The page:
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By Dan Rudy 

Holiday half-marathon raises money for cancer care

 

Photo courtesy of Asia Dore Photography

Michelle Jenkins, Jill Privett, Mikki Angerman, Lucy Robinson, Josephine Lewis show support for runners of the Alaska Day 5K at the finish line on Saturday.

Local runners stretched their legs last week in honor of Alaska Day, taking part in a five-kilometer run and half-marathon and raising money for cancer care in the process.

The event was put together by Southeast Beasts, a local nonprofit made up of runners, joggers and walkers who get together during the year to enjoy the outdoors and raise money for worthy causes in the process. Since the Alaska Day 5K and Half-Marathon's start in 2014, F/V Pacific Sea owner Frank Warfel Jr. has each year covered costs for staging the run, allowing proceeds raised to go toward the group's selected charity.

This year that money will go toward the Wrangell Medical Center Foundation's cancer care fund, which helps defray costs of travel and lodging for individuals receiving cancer treatment. Last year Southeast Beasts' marathon raised around $1,300 for the program. Final tallies on what was raised this year have yet to be announced.

Fifty participants and their dogs took to the course on Saturday morning, looping runners through town on either the 5K or 13-mile half-marathon route.

"I would consider that successful," event organizer Lucy Robinson said of the turnout.

In the 5K, Erik Ekland took first among men with a time of 24 minutes and 31 seconds. Jenn Davies took first among women at 25:36. Running the half-marathon, Dustin Johnson came in first for men at a time of one hour and 37 minutes. Kristen Gronlund placed first for women at exactly two hours. Race winners each got an Alaska flag along with their medals and other prizes.

The annual run makes a point of celebrating life in Alaska, from the locally-themed placement medals to the starting line built from crab pots and bearing the state flag. Each year it grows in scope a bit more, with local vendors setting up tables inside the Nolan Center for a late-season community market.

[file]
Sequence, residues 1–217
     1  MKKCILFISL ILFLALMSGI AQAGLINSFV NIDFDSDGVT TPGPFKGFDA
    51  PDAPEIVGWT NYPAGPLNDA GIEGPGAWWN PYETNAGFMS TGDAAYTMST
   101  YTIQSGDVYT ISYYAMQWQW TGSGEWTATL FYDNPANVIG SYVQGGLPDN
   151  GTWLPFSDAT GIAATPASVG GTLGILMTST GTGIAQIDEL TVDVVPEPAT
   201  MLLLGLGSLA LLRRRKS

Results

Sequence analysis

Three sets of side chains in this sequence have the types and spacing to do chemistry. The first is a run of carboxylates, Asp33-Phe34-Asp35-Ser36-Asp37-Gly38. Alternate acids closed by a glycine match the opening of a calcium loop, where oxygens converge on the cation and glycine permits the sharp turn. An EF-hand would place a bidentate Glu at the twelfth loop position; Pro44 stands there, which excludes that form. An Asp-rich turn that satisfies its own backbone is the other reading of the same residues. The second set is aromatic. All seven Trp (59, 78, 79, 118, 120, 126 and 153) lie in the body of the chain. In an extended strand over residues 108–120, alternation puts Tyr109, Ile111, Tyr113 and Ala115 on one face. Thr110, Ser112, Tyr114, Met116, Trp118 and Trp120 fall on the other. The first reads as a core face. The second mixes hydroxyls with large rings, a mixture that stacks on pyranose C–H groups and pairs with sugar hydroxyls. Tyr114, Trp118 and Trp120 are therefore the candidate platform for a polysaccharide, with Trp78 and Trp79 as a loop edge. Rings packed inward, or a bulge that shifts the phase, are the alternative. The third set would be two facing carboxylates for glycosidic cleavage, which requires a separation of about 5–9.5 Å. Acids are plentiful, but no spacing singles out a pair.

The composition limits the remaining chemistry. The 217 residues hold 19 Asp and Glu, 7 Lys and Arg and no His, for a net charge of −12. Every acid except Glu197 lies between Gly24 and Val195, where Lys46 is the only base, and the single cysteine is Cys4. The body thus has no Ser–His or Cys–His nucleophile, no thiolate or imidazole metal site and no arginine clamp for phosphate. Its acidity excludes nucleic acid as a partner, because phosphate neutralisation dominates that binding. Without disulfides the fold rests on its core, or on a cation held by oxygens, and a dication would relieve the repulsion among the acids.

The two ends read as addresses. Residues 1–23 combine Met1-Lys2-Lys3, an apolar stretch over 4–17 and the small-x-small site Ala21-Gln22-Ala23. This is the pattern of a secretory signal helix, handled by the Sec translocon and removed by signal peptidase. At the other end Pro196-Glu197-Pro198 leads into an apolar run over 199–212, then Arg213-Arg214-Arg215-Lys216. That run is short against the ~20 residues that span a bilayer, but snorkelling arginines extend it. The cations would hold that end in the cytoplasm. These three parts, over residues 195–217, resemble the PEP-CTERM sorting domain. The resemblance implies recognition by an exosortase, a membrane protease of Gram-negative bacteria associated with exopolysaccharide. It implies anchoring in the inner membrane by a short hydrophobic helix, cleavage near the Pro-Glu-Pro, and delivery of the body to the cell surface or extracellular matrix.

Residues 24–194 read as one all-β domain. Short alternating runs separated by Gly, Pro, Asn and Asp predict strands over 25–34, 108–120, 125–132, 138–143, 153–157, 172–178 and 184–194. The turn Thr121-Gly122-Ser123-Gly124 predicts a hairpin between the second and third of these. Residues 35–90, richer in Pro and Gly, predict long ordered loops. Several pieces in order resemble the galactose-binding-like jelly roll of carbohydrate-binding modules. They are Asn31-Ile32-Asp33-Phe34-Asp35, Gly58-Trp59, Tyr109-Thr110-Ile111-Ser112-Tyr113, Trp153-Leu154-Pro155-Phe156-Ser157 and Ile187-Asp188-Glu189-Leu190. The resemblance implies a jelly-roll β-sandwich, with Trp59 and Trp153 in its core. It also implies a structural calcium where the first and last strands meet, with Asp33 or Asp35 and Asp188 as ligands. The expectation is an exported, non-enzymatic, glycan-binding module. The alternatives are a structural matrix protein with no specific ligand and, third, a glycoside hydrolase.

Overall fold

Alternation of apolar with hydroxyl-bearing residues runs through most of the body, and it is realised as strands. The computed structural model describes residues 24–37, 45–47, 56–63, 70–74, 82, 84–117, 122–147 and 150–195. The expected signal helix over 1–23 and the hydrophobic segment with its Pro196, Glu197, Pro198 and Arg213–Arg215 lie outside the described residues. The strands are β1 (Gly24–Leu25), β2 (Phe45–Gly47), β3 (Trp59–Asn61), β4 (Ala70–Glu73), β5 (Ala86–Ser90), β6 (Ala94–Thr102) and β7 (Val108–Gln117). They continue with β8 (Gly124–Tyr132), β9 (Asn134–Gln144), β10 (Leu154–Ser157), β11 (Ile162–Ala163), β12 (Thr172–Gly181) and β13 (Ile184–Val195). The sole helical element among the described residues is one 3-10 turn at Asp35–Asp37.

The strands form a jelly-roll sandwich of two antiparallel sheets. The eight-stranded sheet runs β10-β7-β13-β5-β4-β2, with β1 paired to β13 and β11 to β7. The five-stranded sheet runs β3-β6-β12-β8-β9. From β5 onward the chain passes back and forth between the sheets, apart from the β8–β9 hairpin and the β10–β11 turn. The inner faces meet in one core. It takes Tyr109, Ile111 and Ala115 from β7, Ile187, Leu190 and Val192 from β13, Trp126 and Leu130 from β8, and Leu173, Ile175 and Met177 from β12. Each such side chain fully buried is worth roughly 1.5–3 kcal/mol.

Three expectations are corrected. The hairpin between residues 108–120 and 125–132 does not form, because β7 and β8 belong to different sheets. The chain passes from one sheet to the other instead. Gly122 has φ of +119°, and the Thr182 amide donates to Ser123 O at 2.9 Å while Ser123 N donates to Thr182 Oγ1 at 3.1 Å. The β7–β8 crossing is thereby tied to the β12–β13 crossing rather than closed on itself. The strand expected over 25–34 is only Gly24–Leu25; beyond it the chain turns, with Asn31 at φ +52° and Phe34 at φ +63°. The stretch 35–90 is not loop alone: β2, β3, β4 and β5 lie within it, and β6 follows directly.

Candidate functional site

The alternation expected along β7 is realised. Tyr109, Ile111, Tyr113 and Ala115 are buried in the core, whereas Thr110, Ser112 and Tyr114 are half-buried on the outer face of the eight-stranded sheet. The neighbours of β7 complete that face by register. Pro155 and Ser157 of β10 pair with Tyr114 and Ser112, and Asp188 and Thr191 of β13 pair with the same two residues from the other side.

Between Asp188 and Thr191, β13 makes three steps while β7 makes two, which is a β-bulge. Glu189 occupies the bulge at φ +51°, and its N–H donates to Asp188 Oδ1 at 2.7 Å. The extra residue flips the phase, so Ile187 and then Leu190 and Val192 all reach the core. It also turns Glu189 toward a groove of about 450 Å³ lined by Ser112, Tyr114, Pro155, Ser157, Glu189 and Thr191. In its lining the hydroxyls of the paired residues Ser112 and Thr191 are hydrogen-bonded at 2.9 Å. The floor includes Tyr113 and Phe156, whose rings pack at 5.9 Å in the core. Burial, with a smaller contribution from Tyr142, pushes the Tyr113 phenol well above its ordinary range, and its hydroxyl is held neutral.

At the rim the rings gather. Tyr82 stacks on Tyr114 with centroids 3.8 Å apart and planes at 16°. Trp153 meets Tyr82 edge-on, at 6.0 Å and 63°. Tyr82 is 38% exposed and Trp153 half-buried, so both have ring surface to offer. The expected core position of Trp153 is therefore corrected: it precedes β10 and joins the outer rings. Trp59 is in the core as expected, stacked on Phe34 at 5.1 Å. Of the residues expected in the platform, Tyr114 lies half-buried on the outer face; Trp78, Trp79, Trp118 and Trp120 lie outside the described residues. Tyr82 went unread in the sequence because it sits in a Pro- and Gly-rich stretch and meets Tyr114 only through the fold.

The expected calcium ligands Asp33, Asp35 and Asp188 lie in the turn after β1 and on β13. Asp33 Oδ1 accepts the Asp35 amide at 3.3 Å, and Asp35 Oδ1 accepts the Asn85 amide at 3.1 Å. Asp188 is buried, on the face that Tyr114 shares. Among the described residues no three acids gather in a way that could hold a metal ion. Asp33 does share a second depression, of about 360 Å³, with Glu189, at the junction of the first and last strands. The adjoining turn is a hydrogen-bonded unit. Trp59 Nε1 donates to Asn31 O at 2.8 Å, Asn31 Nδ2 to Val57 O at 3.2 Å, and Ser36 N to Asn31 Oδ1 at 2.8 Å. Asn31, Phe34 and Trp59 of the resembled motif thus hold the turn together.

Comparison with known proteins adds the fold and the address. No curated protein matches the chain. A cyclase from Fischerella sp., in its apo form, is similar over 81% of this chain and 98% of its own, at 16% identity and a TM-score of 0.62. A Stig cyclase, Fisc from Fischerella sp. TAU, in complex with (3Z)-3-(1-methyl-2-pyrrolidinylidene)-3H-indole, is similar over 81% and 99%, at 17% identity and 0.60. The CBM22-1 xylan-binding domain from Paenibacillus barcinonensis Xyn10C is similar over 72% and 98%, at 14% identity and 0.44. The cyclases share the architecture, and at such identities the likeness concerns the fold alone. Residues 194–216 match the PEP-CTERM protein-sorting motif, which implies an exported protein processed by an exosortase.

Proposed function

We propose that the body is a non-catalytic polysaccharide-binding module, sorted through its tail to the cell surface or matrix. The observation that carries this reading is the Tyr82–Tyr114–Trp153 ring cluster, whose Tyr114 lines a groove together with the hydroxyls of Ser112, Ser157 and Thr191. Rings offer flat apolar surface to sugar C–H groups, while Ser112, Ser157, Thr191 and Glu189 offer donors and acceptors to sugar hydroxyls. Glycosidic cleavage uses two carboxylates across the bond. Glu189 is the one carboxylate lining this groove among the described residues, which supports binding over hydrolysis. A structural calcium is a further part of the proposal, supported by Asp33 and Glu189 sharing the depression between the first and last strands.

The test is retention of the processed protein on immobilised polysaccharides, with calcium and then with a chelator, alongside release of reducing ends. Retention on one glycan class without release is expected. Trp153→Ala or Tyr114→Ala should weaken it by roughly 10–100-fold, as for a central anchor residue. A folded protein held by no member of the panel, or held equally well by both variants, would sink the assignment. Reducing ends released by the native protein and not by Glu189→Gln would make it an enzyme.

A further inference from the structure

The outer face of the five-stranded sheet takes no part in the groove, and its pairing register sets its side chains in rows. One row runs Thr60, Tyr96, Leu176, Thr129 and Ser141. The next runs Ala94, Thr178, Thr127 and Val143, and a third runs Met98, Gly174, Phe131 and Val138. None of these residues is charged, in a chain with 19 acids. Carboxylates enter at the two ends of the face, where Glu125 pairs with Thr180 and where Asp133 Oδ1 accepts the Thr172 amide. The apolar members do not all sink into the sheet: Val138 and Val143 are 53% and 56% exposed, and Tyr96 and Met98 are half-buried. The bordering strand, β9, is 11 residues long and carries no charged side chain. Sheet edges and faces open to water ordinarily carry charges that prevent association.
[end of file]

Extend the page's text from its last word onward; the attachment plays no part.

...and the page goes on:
"We're trying to kind of build this event up and build more of a community-wide festival," explained Robinson. "My goal with Alaska Day and with every run is community cooperation. I love bringing people in and getting them involved in the event."

Photo courtesy of Asia Dore Photography

Around 50 participants start off on Saturday's charitable run, which both celebrated the United States' acquisition of Alaska in 1867 and raised funds for Wrangell Medical Center's cancer care travel fund.

Many hands went into making the event a fun one. Volunteers wearing the state's iconic Xtratuff boots set up the course and manned aid stations. Industrial arts students at the high school helped finalize designs for the alder medallions and used the program's laser cutter to create them. One high school senior helped with the staging as part of her capstone project.

As with other years, the Alaska Day 5K and Half-Marathon also featured music, calling up the Rumble Fish of Juneau to play bluegrass at the Stikine Inn after the race.

"There was a great turnout," Robinson said. "We're so excited that every year we're able to find a band that's willing to come out and play."

At one point they were joined by local string instrumentalists from the Stikine Strings, giving young musicians the chance to play with the seasoned band.

"I just thought that was a really cool opportunity," said Robinson.

The group's next event will be its Thanksgiving-themed Turkey Trot 5K, which will get people out and active the morning of November 24. In past years, proceeds from the run go to support the local food bank.

 

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